Additionally, CPS Guidance advises prosecutors that when reviewing a case in which there are suspicions that the suspect might be a victim of trafficking they should be pro-active in causing enquiries to be made and obtain further information about the circumstances in which the suspect was apprehended.
The Guidance draws particular attention to cases where victims have been trafficked here specifically to commit criminal offences, such as:
- Causing or inciting/controlling prostitution for gain: Sexual Offences Act 2003, ss 52 and 53;
- Keeping a brothel: Sexual Offences Act 1956, ss 33 or 33A;
- Theft (in organised ‘pick pocketing’ gangs) under Theft Act 1968, s1;
- Cultivation of cannabis plants, under the Misuse of Drugs Act 1971, s6
The importance of CPS compliance with the Guidelines was emphasised in R v. O  EWCA Crim 2835 and again in R v. LM  EWCA Crim 2327.
However as senior policy advisor Pam Bowen asserts,
“Some trafficked victim’s experiences are likely to be outside the knowledge and experience of prosecutors. For example young female victims may be subject to cultural and religious practices such as witchcraft and juju rituals inherent in their culture which binds them to their traffickers through fear of repercussions.
Other trafficked victims may be held captive, physically and sexually assaulted and violated, or they may be less abused physically but are psychologically coerced and are dependent on those who are victimising them”.
Additionally, Bowen submits that even where a defence for duress is not strictly applicable, prosecutors should take the public interest into consideration before issuing a conviction.
Whilst there are well-established legislative and procedural safeguards in place, their implementation is varied and often ineffectual due to the lack of guidance on the complex issues affecting trafficking victims. It is encouraging to note that the Bill proposes statutory guidance on victim identification, although we are given no indication as to the extent and nature of the guidance.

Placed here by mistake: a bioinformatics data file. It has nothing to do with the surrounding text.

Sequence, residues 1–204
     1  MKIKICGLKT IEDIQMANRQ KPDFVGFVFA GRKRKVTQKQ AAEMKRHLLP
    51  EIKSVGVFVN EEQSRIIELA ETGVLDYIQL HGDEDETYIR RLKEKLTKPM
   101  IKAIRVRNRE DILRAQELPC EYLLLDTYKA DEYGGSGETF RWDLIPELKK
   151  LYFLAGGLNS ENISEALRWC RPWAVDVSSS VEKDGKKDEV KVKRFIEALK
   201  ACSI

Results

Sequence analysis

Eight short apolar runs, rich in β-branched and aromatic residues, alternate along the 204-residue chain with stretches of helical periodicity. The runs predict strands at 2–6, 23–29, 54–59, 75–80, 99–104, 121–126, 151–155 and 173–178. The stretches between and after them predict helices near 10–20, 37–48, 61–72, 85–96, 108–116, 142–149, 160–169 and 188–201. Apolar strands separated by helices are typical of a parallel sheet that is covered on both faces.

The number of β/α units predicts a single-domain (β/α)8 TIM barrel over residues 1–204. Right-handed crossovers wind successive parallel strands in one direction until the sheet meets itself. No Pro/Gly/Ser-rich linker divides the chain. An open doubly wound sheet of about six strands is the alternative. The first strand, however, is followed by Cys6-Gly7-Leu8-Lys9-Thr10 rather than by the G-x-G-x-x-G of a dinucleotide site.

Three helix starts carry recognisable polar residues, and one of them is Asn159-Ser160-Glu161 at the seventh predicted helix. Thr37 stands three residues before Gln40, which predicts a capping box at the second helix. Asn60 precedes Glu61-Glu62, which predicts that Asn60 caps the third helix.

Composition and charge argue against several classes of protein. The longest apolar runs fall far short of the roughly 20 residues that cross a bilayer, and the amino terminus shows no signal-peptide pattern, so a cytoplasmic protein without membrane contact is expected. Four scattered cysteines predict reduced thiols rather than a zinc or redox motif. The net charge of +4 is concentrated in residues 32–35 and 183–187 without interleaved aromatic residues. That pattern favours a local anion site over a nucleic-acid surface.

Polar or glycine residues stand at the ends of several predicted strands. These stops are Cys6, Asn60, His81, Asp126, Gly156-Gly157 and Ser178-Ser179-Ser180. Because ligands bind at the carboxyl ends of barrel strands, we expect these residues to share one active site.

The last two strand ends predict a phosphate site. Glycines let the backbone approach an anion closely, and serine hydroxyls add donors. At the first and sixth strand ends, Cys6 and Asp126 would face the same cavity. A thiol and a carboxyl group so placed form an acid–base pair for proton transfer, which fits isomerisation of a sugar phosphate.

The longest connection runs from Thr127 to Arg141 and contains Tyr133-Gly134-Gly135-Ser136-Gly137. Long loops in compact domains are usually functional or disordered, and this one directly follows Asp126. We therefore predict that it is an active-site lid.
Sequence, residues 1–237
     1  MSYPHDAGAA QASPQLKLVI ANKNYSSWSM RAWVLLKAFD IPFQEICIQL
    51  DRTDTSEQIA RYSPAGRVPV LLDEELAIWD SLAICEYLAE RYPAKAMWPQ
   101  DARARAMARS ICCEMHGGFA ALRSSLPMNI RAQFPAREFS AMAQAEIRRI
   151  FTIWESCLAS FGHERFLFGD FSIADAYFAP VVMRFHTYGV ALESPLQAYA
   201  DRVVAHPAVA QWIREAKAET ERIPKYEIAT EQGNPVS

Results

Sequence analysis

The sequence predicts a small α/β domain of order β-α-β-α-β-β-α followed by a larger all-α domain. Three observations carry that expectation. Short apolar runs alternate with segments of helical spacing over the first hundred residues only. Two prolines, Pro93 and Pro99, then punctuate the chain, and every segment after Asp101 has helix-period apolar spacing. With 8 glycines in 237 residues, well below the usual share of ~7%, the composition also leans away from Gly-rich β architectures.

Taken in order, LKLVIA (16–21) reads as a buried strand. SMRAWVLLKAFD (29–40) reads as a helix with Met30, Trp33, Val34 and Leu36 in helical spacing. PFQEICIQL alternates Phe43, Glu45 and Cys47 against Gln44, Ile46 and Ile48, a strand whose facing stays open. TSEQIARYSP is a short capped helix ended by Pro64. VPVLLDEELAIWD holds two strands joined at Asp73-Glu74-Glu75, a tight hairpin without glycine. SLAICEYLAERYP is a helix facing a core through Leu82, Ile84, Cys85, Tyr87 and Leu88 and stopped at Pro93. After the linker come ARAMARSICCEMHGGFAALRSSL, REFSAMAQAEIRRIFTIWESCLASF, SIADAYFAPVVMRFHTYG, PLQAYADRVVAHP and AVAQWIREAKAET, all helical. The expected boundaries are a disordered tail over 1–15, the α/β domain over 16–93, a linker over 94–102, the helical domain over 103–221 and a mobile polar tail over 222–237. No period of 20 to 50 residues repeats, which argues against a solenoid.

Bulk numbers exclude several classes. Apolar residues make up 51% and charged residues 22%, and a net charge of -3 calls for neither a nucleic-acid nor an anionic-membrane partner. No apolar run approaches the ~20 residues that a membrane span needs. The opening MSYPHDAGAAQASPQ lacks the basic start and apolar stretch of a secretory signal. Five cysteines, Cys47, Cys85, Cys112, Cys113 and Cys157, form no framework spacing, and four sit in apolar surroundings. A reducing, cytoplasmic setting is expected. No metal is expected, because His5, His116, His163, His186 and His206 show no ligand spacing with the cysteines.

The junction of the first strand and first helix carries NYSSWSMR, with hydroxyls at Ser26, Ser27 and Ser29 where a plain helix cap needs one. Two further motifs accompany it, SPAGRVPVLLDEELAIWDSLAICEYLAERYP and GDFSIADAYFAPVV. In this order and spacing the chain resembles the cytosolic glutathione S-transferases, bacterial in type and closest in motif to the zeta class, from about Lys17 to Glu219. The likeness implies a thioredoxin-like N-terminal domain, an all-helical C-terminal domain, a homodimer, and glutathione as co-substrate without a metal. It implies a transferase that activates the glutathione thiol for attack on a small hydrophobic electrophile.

A renowned and highly successful approach to prevention of trafficking is the ‘Nordic model’ as adopted by Sweden, Norway and Iceland. It briefly comprises a set of laws and policies that penalises the demand for commercial sex while decriminalising individuals in prostitution and providing them with support services, including help for those who wish to exit prostitution. The Nordic model has two main goals: to curb the demand for commercial sex that fuels sex trafficking, and promote equality between men and women.
As stated by Equality Now;
“Sex trafficking does not just exist because its victims are vulnerable – it exists because there is a demand for commercial sex that traffickers can exploit and profit from. Thus, addressing the demand for commercial sex is a key component of any plan to prevent sex trafficking and sexual exploitation.”
The International Labour Organisation also comment;
“The Nordic model challenges this construct and tries to redress these inequalities by promoting women’s and girls’ right to safety, health and non-discrimination, and by challenging men’s perceived – but non-existent – “right” to buy women’s bodies for sex. Unsurprisingly, 3 of the top 4 countries with the highest level of gender equality have adopted the Nordic model”.
In early 2014, the parliaments of the European Union and the Council of Europe both adopted non-binding resolutions recommending that member states consider the Nordic Model. Human Rights Organisations are calling for legislators to adopt this progressive approach, which recognises the realities of trafficking and holds the rights and welfare of victims at its forefront.
The success of the Bill will undoubtedly turn on its implementation however, where even greater powers are afforded to law enforcement and with prosecution at the heart of the proposal, it is difficult to see how, in the absence of appropriate training, the rights of victims will be upheld.